How do you start contracting?
First things first: You need to get work. You might get a contract job through your own professional or social network, advertising your services or through a recruitment agent. A contract in this context is an agreement to perform a certain job or task for a client over a certain period of time or until the job is complete.
Usually, a contractor is paid on completion of the task or at an hourly, daily or weekly rate. When securing work through a recruitment agent, you need to ask if the end client would be willing to employ your limited company or umbrella company prior to signing any contracts.
A contractor is not an employee
Contractors are specially recruited to complete a specific job or objective and this objective needs to be well defined by the end client.
Contractors often have a specific set of skills or experience that make them suitable for their role. Contracts usually last from 3-12 months, although they may be renewed if the task takes longer to complete than initially planned for.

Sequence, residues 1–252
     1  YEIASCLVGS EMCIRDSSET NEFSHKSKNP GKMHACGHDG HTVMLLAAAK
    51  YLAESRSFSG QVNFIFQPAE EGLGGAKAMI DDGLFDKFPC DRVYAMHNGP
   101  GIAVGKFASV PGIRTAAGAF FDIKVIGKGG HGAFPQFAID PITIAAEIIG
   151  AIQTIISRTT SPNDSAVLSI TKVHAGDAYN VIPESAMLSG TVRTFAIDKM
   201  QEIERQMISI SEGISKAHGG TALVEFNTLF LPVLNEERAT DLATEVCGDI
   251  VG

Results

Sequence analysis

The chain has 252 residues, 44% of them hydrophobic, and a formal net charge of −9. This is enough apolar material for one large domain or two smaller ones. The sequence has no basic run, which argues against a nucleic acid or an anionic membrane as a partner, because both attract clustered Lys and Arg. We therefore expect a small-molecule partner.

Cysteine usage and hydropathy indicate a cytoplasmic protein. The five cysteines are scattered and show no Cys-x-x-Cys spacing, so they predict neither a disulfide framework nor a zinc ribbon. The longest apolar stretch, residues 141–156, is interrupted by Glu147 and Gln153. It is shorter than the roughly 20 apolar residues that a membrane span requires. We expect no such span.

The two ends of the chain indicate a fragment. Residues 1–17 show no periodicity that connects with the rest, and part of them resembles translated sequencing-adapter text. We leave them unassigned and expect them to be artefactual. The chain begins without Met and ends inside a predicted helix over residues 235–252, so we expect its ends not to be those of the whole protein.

Tax and payment structures for contractors
Because of the specific nature of the tasks that contractors perform and because of the short-term nature of many contracts, contractors often have more options when it comes to how they are paid. The most common options are:
- Working through a limited company
- Working through an umbrella company
Limited companies are the most tax-efficient option, as contractors can retain earnings, register for Flat Rate VAT, claim expenses and because company tax rates are lower than personal tax rates.